Give The Witches a chance if you’re especially curious. Undoubtedly, it’s young children who will enjoy it most.
‘Yeah! Kurt Russell delivers another fun musical performance, a key highlight.’
‘My, my; that Santa coat is still as beautiful as the first time I laid eyes on it.’
‘I’m so glad this movie is better than the first one. Thanks to the story and a good performance by young Darby Camp.’
‘I’d love that star as my own personal light. Also looks like a perfect ornament.’
Considering the year that 2020 has been, The Christmas Chronicles 2, along with a few other good seasonal movies this year are precisely what my festive season mise en scène obsessed self have been needing.
It’s a fun adventure for Christmas fans of all ages. Especially, thanks to how positive it is and the way it fully embraces the Christmas spirit. From the engaging adventure story about saving Christmas to the stunning decorations and fun special effects.
Watch The Christmas Chronicles 2. Particularly if, like me, you’re into how beautiful the festive season makes everything look, and all else I’ve mentioned.
The only things I liked a little less than would have been ideal are the performances by the big brother character and the naughty elf. Both were okay. However, just not as fully believable at times as young Camp the others.
I watched Netflix’s Holiday Home Makeover with Mr Christmas to do one of my favourite things this time of year; feast my eyes on other people’s Christmas decorations.
Starring Benjamin Bradley (Mr Christmas), and the decorated premises of four families, watching the four-episodes will likely show you a few new tips and tricks for decorating your home during the holiday season. However, when it comes to the final results, decoration-wise, I found myself less wowed than I expected to be.
In fairness, there’s no doubt that Christmas decor tastes can be very personal. Nevertheless, for me, I enjoyed the first and last episodes most because of the decor and the personalities involved. It’s during these episodes that the show about a decor expert helping four families decorate their homes came close to being the best it could have been. For the two middle episodes, I, unfortunately, could not stop the urge to fast forward to the finished decor instead of sitting the stories and steps it took to get there.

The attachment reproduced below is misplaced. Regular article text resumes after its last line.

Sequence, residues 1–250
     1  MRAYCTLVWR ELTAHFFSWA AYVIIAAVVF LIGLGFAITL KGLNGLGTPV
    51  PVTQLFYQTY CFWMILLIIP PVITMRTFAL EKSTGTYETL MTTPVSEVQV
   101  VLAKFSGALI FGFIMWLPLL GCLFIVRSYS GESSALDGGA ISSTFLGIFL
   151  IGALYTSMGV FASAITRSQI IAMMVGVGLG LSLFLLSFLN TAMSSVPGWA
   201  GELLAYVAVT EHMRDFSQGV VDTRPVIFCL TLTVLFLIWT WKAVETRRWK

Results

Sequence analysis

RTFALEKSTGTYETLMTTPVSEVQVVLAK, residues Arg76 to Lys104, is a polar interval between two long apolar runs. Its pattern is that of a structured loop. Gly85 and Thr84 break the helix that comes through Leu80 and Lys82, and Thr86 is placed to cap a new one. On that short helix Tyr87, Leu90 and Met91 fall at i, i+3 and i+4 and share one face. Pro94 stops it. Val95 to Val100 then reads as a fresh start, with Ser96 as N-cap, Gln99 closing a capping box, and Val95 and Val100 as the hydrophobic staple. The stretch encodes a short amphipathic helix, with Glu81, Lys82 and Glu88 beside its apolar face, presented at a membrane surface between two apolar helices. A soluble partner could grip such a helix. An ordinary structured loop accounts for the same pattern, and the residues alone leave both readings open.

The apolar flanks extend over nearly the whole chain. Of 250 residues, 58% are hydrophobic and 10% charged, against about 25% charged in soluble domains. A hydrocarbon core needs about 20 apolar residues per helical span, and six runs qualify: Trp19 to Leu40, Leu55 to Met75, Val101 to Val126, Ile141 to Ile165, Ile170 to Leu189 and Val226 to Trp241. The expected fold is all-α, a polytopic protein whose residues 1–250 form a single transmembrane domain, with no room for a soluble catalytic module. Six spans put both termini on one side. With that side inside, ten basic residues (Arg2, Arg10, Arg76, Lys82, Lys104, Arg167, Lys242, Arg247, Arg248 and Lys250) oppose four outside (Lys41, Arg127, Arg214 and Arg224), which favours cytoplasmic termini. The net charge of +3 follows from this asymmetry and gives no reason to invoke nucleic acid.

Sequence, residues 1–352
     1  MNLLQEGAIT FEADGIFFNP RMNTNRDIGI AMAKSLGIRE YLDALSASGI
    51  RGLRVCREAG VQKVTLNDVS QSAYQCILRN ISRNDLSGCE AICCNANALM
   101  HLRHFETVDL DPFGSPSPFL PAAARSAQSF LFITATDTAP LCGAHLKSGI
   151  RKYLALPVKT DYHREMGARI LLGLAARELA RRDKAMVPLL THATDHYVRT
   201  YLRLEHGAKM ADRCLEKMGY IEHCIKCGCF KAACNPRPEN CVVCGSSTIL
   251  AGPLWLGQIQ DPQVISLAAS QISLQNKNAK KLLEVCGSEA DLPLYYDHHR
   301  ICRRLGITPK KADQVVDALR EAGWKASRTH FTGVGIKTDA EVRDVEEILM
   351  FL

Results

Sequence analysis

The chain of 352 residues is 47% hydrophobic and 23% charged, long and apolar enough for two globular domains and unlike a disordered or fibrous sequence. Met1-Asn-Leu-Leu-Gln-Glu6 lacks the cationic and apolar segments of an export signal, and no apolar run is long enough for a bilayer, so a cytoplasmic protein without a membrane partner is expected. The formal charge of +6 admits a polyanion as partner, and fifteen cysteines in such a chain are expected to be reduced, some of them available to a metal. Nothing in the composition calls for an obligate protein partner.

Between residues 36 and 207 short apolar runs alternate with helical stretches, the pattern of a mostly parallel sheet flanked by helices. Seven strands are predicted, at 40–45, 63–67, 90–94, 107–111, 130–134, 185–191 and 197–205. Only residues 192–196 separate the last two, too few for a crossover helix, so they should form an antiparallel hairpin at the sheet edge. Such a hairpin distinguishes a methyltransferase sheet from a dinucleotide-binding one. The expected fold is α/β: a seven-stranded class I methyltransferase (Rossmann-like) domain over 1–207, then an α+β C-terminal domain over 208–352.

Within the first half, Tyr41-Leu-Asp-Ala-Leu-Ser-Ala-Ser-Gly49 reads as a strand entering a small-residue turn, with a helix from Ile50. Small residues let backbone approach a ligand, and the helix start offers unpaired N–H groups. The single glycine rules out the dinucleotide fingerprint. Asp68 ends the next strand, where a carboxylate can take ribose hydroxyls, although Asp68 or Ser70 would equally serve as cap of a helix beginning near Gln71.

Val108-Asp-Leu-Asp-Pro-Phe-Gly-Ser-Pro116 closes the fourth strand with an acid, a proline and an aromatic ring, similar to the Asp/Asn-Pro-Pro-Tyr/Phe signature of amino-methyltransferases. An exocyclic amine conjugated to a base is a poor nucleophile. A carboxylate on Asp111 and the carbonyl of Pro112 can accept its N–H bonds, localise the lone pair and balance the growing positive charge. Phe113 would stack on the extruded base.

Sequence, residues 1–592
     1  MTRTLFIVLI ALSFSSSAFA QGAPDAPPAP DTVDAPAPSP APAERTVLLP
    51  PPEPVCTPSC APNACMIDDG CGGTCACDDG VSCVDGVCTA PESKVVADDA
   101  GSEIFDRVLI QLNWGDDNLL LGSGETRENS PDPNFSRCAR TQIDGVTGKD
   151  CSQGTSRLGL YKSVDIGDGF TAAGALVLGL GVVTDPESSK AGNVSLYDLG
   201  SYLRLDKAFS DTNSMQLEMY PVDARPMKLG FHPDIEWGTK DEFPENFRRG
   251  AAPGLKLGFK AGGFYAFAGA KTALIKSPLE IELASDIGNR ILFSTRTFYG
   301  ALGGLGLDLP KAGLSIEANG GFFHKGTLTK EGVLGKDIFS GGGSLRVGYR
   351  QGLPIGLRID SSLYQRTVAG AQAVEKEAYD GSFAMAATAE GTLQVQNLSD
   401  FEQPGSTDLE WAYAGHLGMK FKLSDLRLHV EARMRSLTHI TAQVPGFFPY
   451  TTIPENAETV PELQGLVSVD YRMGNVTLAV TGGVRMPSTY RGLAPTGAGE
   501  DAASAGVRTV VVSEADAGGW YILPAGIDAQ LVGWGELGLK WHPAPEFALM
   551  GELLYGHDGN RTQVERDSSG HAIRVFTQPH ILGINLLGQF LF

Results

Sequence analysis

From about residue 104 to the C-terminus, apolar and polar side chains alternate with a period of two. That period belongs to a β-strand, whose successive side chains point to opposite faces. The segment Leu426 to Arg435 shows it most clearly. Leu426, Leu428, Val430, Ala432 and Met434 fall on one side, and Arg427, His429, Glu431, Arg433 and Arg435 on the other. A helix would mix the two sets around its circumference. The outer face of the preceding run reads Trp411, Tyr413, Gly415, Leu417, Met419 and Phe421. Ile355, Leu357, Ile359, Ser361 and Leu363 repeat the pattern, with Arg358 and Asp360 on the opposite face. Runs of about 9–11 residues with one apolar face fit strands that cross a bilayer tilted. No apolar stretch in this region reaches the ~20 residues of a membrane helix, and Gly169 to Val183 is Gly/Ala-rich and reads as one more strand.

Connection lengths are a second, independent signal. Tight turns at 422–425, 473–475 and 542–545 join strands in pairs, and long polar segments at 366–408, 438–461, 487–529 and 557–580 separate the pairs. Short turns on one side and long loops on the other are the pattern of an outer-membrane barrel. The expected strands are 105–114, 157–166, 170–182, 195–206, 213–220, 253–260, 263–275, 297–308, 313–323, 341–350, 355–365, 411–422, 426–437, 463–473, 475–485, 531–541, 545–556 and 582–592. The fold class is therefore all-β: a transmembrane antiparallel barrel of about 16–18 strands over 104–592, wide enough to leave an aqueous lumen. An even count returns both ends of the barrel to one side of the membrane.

Perhaps season 2, assuming it’s coming will have a bigger production budget, more engaging stories and a touch more elaborate and awe-inspiring decor.
In the meantime, should you find yourself super curious, give Holiday Home Makeover with Mr Christmas a chance. At the very least, you’ll learn a few DIY decorating tips.
The sequel to The Boss Baby (2017) is here, meaning the smart/adult-like, briefcase carrying baby who’s voiced by Alec Baldwin is back.
Also starring James Marsden, Jimmy Kimmel and Jeff Goldblum; in The Boss Baby – Family Business, the Templeton brothers are now grown up and have drifted apart. However, not if a new boss baby with a cutting-edge approach has anything to do with it.
Directed by Tom McGrath; additional key cast includes Amy Sedaris, Lisa Kudrow and Eva Longoria.
I’m so glad to see Alec Baldwin back for this sequel. I’ve just recently finished re-watching his great work in 30 Rock. So I’m definitely in for this one. And it helps that the first Boss Baby movie was so imaginative and fun.
When I decided to watch The Princess Switch 2– Switched Again, I wasn’t expecting great things. I was hoping for a sort of watchable Christmas movie experience that I’d be able to get through with a smile on my face, in part thanks to the Christmas filled mise en scene.
Instead, what happened within 10 minutes of the viewing experience gave me a strong urge to reach for my phone and do other things while it played. I definitely could have aborted the whole experience, but something told me to leave it playing. Nothing improved with time, of course. But at least it made the room look extra ‘Christmassy’.
What exactly is wrong with The Princes Switch 2 – Switched Again? Let’s just say that it’s the kind of story and execution that’s really best enjoyed by preteen girls/children. I should have known.
Nevertheless, in the event that, like myself, you often leave less than great Christmas movies playing in the background because you like the ambience they help create, maybe, for that reason alone, hit play on The Princes Switch 2 – Switched Again. You could even leave it playing with the volume down while you pick a Christmas soundtrack to blast through your home. Now that’s an idea.